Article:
I love Christmas carols. I’m fond of secular Christmas music, too—Ray Stevens’ “Santa Claus is Watching You” is a personal favorite—but there is something special about the ancient (to me anyway) carols. It may be uncommon now, but when I was a child, we children learned some of our first real theology from those old and solemn words.
The first Noel the angel did say was to certain poor shepherds in fields where they lay…
It came upon the midnight clear, that glorious song of old, from angels bending near the earth to touch their harps of gold…
Angels from the realms of glory, wing your flight o’er all the earth; ye who sang Creation’s story, now proclaim Messiah’s birth…
Oh, little town of Bethlehem, how still we see thee lie…
Silent night, holy night…round yon virgin mother and Child…
It saddens me how little we get to sing them even at this time of the year. There’s only a month between Thanksgiving and Christmas; and the well-deserved backlash against retailers skipping Thanksgiving has caused it to be unfashionable to sing Christmas music outside that brief period. Then, I for one have to work during half the available church services—I have a biweekly rotating schedule—and some of the remaining services are taken up with presentations and programs. There aren’t many opportunities to give our voices to these wonderful words, at least not corporately. It may be unavoidable, but it’s also unfortunate.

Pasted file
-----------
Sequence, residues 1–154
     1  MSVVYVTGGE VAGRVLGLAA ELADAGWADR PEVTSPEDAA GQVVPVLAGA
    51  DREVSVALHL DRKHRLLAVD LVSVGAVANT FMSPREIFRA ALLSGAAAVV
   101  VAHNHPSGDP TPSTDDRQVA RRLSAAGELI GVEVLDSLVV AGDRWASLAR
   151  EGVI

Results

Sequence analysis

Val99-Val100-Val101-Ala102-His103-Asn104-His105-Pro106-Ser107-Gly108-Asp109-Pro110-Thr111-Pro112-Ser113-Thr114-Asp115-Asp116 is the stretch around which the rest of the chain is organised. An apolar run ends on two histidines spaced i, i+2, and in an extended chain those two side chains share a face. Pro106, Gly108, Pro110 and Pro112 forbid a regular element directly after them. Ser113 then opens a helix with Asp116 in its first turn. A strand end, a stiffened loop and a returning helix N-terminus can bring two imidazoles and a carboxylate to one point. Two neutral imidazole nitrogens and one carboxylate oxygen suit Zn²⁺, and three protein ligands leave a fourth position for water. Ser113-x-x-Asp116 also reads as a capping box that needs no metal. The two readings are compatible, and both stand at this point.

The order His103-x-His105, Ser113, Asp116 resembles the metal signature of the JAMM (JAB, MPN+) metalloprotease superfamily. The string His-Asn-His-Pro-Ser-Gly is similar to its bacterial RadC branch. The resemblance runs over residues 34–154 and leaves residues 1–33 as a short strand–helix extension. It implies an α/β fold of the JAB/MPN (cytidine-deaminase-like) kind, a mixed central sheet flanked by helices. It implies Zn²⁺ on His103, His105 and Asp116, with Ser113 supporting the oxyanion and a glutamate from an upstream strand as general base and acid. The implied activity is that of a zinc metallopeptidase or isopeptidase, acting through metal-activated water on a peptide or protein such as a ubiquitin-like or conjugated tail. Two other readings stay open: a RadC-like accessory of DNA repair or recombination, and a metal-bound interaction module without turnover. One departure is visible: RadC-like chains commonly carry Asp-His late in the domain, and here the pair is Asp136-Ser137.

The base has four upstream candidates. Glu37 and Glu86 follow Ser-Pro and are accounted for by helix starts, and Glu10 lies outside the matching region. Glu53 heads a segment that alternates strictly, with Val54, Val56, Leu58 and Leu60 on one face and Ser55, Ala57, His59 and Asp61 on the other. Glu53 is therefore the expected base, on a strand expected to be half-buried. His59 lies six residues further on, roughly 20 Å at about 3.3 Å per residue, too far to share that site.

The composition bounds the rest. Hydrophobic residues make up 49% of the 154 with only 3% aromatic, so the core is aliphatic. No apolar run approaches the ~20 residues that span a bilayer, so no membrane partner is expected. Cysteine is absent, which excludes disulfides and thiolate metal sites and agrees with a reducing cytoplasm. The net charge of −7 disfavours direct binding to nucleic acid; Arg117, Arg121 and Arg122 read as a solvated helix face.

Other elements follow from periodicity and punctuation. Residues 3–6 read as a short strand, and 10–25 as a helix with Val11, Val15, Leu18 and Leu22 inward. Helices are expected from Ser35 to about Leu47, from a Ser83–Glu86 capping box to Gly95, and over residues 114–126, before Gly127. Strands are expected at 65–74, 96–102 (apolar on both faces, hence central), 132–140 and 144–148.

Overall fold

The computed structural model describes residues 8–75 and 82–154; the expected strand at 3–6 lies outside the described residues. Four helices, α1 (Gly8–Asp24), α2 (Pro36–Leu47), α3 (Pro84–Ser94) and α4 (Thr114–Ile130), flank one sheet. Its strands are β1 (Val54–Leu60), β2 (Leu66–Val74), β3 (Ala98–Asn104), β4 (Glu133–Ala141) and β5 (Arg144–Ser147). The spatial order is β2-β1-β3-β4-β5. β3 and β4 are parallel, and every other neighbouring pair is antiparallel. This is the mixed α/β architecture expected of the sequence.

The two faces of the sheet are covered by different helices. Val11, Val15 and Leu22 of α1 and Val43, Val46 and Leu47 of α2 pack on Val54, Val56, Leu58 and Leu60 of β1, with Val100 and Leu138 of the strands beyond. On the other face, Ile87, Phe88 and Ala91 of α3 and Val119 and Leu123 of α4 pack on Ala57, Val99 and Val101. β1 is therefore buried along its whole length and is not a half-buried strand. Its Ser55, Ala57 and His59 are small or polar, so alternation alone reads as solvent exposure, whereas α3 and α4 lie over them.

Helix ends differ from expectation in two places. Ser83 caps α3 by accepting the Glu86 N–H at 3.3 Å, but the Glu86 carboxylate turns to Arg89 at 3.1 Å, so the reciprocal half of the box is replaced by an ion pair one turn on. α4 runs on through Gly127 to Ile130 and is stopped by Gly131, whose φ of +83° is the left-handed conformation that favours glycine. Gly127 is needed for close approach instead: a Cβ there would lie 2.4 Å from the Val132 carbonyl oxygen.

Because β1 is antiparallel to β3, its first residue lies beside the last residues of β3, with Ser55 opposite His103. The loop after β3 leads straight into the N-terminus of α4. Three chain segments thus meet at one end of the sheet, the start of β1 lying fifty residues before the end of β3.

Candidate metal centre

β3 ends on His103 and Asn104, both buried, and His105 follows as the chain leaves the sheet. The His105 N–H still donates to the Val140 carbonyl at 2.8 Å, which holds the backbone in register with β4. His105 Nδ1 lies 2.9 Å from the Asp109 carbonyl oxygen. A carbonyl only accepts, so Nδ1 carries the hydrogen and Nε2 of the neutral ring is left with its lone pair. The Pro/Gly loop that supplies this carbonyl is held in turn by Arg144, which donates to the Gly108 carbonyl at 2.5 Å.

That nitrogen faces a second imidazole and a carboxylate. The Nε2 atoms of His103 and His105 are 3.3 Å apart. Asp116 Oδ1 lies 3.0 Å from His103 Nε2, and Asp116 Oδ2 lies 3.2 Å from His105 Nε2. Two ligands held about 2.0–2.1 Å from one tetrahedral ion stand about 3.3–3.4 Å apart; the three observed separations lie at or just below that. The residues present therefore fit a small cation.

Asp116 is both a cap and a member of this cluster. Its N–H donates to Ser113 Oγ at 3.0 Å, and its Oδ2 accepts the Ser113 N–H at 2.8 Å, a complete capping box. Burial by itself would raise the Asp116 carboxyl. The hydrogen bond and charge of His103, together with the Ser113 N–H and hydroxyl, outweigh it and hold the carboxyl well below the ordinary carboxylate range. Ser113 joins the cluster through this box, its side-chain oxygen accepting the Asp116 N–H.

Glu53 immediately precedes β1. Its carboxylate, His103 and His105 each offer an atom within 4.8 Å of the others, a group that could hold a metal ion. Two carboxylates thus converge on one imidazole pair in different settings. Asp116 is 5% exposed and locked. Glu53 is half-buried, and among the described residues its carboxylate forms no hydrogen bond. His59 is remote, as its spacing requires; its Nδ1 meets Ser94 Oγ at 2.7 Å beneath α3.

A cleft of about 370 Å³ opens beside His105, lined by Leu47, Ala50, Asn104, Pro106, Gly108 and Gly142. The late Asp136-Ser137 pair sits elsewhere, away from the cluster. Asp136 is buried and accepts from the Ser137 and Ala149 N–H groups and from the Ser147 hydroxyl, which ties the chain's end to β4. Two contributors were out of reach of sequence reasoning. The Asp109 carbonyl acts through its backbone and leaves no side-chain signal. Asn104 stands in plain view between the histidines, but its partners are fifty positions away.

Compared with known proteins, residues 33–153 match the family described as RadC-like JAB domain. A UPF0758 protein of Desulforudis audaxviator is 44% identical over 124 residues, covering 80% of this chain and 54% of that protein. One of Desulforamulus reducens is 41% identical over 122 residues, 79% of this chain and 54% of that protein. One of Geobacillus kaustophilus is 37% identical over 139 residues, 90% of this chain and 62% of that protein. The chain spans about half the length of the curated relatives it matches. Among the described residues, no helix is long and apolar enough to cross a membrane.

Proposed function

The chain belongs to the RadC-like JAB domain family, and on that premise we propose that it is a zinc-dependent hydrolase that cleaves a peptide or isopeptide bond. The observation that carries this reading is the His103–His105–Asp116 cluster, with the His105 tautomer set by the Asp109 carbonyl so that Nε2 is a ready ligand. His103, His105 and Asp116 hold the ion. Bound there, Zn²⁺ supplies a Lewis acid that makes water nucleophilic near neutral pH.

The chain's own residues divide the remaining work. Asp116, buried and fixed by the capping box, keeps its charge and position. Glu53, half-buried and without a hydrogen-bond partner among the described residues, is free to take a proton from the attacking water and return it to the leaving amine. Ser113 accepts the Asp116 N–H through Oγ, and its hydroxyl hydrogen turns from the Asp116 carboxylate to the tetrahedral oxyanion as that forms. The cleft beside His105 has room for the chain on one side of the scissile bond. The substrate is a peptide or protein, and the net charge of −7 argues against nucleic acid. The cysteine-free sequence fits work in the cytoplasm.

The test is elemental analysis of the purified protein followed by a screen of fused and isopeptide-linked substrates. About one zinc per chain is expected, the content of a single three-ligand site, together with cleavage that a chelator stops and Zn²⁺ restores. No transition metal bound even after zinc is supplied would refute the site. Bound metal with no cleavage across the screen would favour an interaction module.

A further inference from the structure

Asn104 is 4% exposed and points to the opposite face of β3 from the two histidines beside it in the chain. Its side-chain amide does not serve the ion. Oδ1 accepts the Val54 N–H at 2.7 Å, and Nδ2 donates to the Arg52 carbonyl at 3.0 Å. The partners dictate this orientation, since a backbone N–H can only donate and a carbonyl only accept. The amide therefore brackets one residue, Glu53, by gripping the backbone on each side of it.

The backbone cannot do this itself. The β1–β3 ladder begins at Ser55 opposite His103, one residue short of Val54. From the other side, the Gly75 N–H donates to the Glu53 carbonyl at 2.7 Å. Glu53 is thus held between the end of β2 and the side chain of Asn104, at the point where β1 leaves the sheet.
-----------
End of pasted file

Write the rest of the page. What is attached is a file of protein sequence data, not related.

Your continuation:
One song is far and away my favorite. Now, I have said that I’m a writer on the side, so you may expect that I’d be attracted to the longer, more verbally and musically complex carols, like “O Holy Night”. I do love that one; it’s excellent, especially the last stanza, where we learn how Christ’s love for us means that we should love those around us. But it isn’t my favorite. No, that honor goes to another timeless classic, one we still teach to our children even in this jaded age: “Hark! The Herald Angels Sing”.
It has so much goodness packed into a few words! In the first lines, we have the angels singing praises; we have a newborn King of all creation; we have the Lord’s desire for peace on Earth; we have, right in the center of the verse, the reconciliation of God and sinners. As they one day will do, the nations rise to praise the Lord, joining the angels to proclaim the victory of God over sin and the world. That is all of history, for all the world, past and future, encapsulated in ten lines!
The part that gives me goose bumps every time I hear it or sing it, though, is the majestic final verse. Here, let me show you:
Hail the Heaven-born Prince of Peace! Hail the Sun of Righteousness!
Light and Life to all He brings—risen with healing in His wings!
Mild, He lays His glory by—born that Man no more may die,
Born to raise the sons of Earth, born to give them second birth!
Hark! The herald angels sing “Glory to the newborn King!”
I’ve written before about the futility of life without God. I took it from a philosophical standpoint, or perhaps I should say a worldview standpoint; that is, I have pointed out how a universe without God in it is one where nothing matters, because everything is random, meaningless, and ultimately inconsequential. If you believe that there is no God, no Creator, then—assuming you follow your own beliefs out all the way to their end—there are two inevitable outcomes, and you’ll have them both, in order. One is hedonism, the idea that you live only for your own pleasure. It will be a selfish pleasure, too, because why should you care about anyone else? Nothing matters, and nothing is important. Only you are important to you. The second outcome is suicide, because your life is totally, totally worthless.